How do you inspire your team? It's a question that's particularly important when the team is supposed to do something creative. Whether the creative thing is designing an automobile, developing an enterprise application, or figuring out why the network isn't performing up to its potential, many of the things we do in IT involve more than simply plugging data into an algorthm and catching whatever falls out. The question for business leaders is how to inspire the members of their staff to do work that isn't just good enough -- to do work that's great.
I started thinking about this when I saw a photo of the Harrier jet that sits in the Dyson parking lot. James Dyson, who's been known to lead a creative team or two, explains in a Wired.com article that the jet is there to provide inspiration to the engineers in his company. Now, the geeky part of my brain would love to park a jet in my front yard, but the part that wants to stay married says there has to be a better way to get an engineering or project team excited, inspired, and ready to do great work. Let's look at some options...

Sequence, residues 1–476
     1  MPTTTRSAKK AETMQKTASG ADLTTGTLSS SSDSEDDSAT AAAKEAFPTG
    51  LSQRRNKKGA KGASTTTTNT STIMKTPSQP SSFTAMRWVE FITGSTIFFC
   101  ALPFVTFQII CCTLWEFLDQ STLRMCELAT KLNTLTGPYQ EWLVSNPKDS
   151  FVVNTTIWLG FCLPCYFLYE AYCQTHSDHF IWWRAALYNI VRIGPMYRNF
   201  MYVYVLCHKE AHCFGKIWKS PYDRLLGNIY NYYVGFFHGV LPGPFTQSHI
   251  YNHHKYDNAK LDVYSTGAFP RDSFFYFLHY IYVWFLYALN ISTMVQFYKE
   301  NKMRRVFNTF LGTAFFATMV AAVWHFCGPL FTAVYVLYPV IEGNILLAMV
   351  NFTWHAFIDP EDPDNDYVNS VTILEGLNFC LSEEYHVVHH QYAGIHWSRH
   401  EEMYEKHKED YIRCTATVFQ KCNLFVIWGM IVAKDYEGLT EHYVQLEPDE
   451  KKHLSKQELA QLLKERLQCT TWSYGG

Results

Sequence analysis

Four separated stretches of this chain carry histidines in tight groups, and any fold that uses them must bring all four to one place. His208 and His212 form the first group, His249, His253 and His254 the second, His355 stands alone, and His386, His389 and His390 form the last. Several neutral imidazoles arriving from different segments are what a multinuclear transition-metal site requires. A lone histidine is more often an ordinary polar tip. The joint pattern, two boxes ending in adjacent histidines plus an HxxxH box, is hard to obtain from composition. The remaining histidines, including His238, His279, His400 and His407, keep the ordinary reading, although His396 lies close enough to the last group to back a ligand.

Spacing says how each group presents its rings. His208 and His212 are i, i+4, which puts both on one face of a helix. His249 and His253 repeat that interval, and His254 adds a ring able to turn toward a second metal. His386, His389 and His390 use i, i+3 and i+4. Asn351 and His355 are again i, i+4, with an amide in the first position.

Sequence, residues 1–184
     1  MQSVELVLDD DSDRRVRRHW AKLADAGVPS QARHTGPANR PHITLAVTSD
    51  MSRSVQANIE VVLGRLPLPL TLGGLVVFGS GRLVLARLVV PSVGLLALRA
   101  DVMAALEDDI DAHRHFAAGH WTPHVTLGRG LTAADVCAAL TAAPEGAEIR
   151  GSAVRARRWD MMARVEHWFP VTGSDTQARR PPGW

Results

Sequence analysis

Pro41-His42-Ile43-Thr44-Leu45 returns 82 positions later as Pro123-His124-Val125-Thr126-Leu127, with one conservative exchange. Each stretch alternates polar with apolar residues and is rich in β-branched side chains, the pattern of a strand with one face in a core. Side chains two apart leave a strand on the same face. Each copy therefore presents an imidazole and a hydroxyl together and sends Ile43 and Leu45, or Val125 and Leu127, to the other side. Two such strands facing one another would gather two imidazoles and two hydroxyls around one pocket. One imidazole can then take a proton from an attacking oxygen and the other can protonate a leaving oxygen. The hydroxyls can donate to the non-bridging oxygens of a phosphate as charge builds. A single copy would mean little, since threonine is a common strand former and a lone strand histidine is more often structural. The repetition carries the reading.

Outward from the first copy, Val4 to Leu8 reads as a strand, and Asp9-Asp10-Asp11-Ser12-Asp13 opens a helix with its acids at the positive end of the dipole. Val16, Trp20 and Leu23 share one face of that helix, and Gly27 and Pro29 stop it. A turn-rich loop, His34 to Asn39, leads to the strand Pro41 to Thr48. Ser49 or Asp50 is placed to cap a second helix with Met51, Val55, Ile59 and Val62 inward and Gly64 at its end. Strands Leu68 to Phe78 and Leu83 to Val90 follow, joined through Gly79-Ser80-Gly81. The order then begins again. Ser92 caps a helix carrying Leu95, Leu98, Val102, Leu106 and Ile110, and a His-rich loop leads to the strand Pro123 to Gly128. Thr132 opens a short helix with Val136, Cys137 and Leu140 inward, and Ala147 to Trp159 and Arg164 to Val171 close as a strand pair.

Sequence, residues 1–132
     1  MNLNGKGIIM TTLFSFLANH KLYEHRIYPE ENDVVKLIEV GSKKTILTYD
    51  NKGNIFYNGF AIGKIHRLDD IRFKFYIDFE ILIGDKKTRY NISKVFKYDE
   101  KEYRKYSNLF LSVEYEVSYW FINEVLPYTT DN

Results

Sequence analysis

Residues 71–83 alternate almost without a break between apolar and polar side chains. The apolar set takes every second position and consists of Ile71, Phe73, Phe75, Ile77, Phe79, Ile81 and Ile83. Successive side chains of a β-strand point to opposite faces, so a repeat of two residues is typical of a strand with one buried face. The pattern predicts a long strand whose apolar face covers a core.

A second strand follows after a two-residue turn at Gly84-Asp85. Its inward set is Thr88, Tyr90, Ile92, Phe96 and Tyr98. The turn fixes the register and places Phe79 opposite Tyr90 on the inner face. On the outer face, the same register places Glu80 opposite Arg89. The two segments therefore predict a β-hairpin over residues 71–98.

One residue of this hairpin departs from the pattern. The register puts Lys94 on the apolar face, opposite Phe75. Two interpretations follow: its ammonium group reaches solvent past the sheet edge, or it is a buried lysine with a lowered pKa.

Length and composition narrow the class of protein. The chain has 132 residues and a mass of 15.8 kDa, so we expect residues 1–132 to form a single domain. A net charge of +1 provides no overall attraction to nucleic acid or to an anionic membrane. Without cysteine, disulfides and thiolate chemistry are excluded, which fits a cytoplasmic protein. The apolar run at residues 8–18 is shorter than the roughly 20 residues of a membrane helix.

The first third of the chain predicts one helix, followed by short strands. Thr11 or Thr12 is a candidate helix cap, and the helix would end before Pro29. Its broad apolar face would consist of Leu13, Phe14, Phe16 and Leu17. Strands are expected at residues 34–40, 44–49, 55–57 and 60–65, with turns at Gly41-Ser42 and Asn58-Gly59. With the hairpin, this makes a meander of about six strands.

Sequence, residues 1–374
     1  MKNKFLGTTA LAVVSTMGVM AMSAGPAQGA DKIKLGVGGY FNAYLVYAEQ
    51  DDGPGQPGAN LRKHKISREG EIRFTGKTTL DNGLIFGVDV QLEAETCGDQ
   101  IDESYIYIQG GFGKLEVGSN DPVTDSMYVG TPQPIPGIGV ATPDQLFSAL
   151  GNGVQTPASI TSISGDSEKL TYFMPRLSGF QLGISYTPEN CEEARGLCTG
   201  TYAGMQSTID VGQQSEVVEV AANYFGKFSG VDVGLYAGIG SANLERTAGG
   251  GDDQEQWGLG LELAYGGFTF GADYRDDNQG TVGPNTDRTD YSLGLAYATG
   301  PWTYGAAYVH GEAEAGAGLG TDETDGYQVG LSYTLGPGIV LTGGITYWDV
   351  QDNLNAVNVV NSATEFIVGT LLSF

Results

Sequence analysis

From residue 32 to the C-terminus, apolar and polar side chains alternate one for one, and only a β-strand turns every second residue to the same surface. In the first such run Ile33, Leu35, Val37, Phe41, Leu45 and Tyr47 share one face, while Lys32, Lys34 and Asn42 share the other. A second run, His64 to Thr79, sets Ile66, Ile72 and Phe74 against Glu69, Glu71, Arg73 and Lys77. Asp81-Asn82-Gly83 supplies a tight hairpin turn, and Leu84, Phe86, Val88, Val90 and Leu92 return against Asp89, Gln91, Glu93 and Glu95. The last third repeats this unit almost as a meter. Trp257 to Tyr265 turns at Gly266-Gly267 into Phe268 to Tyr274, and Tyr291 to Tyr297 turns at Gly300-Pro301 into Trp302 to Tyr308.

When the team at Pixar was working on the early stages of Finding Nemo, a number of the artists and directors went to Australia on an extended scuba diving trip. Not everyone has a trip to Australia in their project budget, but the idea of taking the entire team out to see where a product will be used isn't a bad idea at all. Offices are fine, but if the final product will be used in, say, commercial dairies, then taking the team to mingle with cows (and dairy farmers) could pay huge dividends.
A computer design firm where I once worked had a different approach to providing inspiration. Every four to six weeks, the CEO would take the engineering team and senior management to a shooting range for an afternoon of target practice. The idea was that we'd all spend time doing something that required us to concentrate on things other than our day-to-day tasks. During breaks, we could sit around and have casual conversations about problems we were working on, and then we would return to work with new ideas. Shooting might not be right for every group, but there are other off-site activities, from whitewater rafting to bowling, that could serve the same purpose.
A third option is a variation on the "Harrier in the parking lot" plan: an object or design element in the office environment that offers inspiration for those who would do great things. Whether it's a wing from a 747 stretched over a break area or a simple Zen garden, if it allows an engineer or designer to look at problems a bit differently or think that the limits of the possible are beyond what was previously thought, it's a good thing.
CIOs in manufacturing organizations have roles to play far beyond the datacenter walls. Inspiring teams to do great things is one of those roles. How have you inspired your teams to go beyond what they thought was possible? Other CIOs would love to know.